Reminder: The Jungle Book is Imperialist Propaganda

By Katharine Trendacosta on at

We are currently in the 21st century. We are in the second decade of the 21st century and there are not one, not two, but three Jungle Book movies on the horizon. And that means that it’s time to remind everyone that Rudyard Kipling was racist and imperialist

In 1967, French literary critic Roland Barthes published “The Death of the Author,” an essay whose title has become synonymous with judging works on their own merits and ignoring any biographical details about their creators. I expect a lot of people to bring this up when talking about the modern film incarnations of The Jungle Book.

I also expect people to defend The Jungle Book from the other side. To say that it can’t be read with modern ideas in mind. It was written in 1894 by a white British man who was born in India. That’s just how they thought back then.

Both arguments only work up to a point. The death of the author doesn’t excuse the inherent racism and imperialism baked into The Jungle Book. And the argument about when the book was written and by whom doesn’t excuse either Disney or Warner Bros. from making adaptations of it in the 21st century. Unless these film are loaded with historical context, or are subversive critiques of Kipling, they’re still adapting, for entertainment, a story that has fundamental issues.

It is impossible to separate The Jungle Book from Kipling’s most famous imperialist work: “The White Man’s Burden.” “The White Man’s Burden” is seven stanzas long and is a glimpse into the way Europeans justified their colonial ambitions. The poor white man, said Kipling, is doomed to the hard work of going to foreign places and raising up the local savages into civilised society. It was originally written for Queen Victoria’s Diamond Jubilee and then altered to serve as a British man’s advice for how America should treat the newly acquired Philippines. It begins like this:

Take up the White Man’s burden—

Send forth the best ye breed—

Go bind your sons to exile

To serve your captives’ need;

To wait in heavy harness,

On fluttered folk and wild—

Your new-caught, sullen peoples,

Half-devil and half child.

And it continues in that vein for another six verses. “The White Man’s Burden,” from title to execution, is so over the top in its exhortations of white superiority that it could be mistaken for parody. But it isn’t. We have everything else that Kipling’s written to prove that.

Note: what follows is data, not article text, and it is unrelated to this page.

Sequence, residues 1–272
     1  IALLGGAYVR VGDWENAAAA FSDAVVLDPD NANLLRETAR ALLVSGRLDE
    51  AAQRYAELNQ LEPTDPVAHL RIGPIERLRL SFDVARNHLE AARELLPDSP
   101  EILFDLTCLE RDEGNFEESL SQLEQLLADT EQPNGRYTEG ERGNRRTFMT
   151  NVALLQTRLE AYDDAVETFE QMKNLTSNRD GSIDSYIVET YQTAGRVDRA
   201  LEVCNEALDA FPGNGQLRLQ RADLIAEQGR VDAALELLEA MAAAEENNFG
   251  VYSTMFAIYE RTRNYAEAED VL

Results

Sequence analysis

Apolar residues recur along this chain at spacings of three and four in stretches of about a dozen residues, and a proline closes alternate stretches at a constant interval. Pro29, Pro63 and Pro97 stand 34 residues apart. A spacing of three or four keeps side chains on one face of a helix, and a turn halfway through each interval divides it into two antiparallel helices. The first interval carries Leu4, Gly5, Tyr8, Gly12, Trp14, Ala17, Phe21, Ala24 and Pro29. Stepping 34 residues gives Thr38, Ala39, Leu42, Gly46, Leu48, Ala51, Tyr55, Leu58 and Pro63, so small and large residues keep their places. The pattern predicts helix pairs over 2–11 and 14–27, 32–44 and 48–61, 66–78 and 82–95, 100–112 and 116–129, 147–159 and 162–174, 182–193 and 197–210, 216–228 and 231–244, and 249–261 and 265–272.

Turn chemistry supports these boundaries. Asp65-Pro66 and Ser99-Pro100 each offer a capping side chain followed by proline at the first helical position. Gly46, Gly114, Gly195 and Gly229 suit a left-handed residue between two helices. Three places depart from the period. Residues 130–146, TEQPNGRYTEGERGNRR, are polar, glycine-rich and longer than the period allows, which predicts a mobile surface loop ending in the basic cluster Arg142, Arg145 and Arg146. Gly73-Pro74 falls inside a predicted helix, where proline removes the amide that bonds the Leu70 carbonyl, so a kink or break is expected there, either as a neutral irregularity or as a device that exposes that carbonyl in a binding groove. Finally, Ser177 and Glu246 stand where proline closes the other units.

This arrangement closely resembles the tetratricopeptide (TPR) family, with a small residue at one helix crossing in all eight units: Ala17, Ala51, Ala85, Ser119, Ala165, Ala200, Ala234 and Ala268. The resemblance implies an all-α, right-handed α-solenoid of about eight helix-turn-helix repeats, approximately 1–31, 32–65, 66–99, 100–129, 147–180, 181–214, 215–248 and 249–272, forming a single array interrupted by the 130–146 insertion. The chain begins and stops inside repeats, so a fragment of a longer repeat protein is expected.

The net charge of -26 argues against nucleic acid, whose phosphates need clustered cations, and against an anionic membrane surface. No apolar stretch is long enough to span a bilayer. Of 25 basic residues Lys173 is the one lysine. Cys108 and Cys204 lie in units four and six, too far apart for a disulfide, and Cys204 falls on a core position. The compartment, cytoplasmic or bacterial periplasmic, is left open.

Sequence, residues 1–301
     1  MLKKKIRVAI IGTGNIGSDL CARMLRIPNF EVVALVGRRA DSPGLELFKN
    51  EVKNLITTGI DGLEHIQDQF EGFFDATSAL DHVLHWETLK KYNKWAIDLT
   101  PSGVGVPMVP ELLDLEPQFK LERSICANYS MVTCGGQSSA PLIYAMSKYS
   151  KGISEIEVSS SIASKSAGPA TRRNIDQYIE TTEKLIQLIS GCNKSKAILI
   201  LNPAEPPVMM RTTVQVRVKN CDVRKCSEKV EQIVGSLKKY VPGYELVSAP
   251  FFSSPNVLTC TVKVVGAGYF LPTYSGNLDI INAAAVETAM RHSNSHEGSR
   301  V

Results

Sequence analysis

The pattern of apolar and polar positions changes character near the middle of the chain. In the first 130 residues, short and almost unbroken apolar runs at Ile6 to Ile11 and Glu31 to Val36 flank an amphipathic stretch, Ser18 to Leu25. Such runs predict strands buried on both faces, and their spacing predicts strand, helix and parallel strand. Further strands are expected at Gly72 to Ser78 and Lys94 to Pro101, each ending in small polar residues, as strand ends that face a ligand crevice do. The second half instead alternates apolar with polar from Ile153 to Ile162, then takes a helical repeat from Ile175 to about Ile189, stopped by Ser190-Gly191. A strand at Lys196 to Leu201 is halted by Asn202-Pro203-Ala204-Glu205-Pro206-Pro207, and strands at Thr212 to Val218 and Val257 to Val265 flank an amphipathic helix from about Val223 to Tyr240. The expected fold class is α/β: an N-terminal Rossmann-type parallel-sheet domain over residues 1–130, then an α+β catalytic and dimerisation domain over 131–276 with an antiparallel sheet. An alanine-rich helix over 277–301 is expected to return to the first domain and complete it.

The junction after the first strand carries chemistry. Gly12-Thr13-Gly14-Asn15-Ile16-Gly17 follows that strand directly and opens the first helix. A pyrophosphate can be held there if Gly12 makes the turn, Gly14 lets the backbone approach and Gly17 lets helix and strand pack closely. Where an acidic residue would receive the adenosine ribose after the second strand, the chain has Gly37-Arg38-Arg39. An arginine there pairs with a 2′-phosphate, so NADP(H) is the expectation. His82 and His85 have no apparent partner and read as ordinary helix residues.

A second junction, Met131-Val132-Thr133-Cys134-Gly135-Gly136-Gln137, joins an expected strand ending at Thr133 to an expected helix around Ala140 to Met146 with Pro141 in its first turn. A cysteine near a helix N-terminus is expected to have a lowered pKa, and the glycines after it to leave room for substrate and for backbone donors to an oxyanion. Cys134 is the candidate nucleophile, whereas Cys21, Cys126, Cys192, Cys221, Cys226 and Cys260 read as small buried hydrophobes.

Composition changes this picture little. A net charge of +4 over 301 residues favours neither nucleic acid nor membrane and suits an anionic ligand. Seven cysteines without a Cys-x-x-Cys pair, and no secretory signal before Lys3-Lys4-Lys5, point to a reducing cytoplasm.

We have Kim, a book where a white boy, born and orphaned in India, is the best spy and Buddhist there is. In part, he’s a great spy because of how well he apes Indian people, so that’s fun. We have the poem that he used for the Diamond Jubilee instead of “White Man’s Burden,” “Recessional” which contains these lines:

If, drunk with sight of power, we loose

Wild tongues that have not Thee in awe—

Such boasting as the Gentiles use

Or lesser breeds without the Law—

Lord God of Hosts, be with us yet,

Lest we forget—lest we forget!

My god, don’t forget that you are British and not a “lesser breed”.

And, of course, we have The Jungle Book itself. The Jungle Book is just as drenched with racism and colonialism as anything else Kipling wrote on the subject. The thread running throughout the stories is that Mowgli is superior to the animals that raised him by virtue of being man, not beast. That’s a neat parallel to Britain and India. There’s a fun little story in The Second Jungle Book about a superstitious Indian village that worships a horrible old crocodile, only for a British man to blow it to pieces. Because they are more rational, you see.

I’m not saying that Kipling should be censored, but I am saying that he cannot be presented without context. There are messages in The Jungle Book that are very hard to remove. Hell, Disney managed to add to the problems in the 1960s when it added a character called King Louie, who is widely seen as a racist caricature of black people. (Kipling’s book has monkeys, which are the worst of the animal lot, being incapable of having government and only able to mimic others without a decent culture of their own.)

And, at the end of the day, we’re still left with a story where a white person exoticises a country and its people. How does this idea pass muster in 2016?

Because The Jungle Book is in the public domain, so Disney and Warner Bros. don’t have to pay anyone to use it. Honestly, exploiting the work of someone else for your own advancement is a sentiment that matches Kipling pretty well.